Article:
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Led by fast-rising imports of cherries, China is claiming a greater share of Chilean stone fruit exports.

Chile’s cherry acreage has grown at a 10% annual rate over the past five years, and a new U.S. Department of Agriculture report said cherry production and exports also are headed higher fast — with most of that volume destined for China.

The USDA report on Chile’s stone fruit outlook said cherry acreage reached 91,500 acres in 2018-19, up from about 32,000 acres in 2010-11.

Chilean cherry growers sent 87% of their total 180,000 metric tons in exports to China in 2018-19, according to the report. The U.S. was the second-biggest export destination, but only accounted for 2.7% of total Chilean cherry exports.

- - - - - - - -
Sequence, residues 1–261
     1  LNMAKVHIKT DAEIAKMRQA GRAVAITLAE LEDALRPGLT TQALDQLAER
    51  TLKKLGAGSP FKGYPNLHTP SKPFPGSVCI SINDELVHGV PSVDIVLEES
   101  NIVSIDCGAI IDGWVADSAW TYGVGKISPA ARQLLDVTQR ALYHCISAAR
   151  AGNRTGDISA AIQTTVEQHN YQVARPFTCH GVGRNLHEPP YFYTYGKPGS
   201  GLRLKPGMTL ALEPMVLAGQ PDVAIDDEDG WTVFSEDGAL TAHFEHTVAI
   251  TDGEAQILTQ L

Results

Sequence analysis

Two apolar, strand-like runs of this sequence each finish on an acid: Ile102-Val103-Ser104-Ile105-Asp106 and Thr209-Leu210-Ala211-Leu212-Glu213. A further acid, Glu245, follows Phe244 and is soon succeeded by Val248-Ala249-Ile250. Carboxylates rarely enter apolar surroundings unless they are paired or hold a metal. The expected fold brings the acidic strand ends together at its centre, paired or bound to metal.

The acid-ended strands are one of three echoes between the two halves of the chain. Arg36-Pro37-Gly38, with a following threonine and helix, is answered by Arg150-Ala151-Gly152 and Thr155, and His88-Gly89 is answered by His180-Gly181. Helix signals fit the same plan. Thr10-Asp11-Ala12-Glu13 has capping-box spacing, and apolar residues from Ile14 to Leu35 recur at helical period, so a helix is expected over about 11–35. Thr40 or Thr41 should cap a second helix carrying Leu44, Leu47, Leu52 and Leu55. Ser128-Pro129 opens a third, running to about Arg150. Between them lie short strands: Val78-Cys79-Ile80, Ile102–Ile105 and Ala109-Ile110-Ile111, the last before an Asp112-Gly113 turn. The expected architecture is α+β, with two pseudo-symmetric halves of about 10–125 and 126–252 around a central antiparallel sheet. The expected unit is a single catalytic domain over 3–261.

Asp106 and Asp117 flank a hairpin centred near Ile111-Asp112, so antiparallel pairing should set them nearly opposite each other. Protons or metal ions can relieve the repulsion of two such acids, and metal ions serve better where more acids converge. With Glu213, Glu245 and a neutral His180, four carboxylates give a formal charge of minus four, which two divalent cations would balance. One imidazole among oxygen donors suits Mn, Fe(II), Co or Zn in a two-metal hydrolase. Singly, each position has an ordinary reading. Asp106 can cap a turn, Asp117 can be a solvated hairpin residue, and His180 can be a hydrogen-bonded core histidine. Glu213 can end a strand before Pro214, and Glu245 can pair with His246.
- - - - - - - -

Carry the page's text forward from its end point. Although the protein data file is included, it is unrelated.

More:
As more cherry trees mature, the USDA projects cherry exports in 2019-20 will increase by 15%, rising to 207,000 metric tons.

The USDA report said Chilean exports to China will continue to increase in response to rising demand.

On the other hand, Chilean cherry exports to the U.S. dropped by 36% in 2018-19 compared with 2017-18, according to the USDA. Chilean exports to the U.S. in 2018-19 totaled 4,852 metric tons.

The third-ranked export market for Chilean cherries is South Korea, which imported 4,147 metric tons in 2018-19, up 56% from the previous year.

Other fruit

Chilean fresh peach and nectarine acreage was estimated at 18,350 acres in 2018-19, according to the report.

Chilean nectarine exports have shifted rapidly from the U.S. to China after gaining market access in 2016. For 2019-20, the USDA said planted area of peaches and nectarines will remain steady, while exports will increase 1% to 98,300 metric tons.

The report said the top market for Chilean peaches and nectarines is the U.S., but that may soon change. Chilean exports to the U.S. totaled 34,847 metric tons in 2018-19, but that was down 8% compared with the previous season.

On the other hand, Chilean peach and nectarine exports to China surged 30% in 2018-19, totaling 20,000 metric tons, according to the report.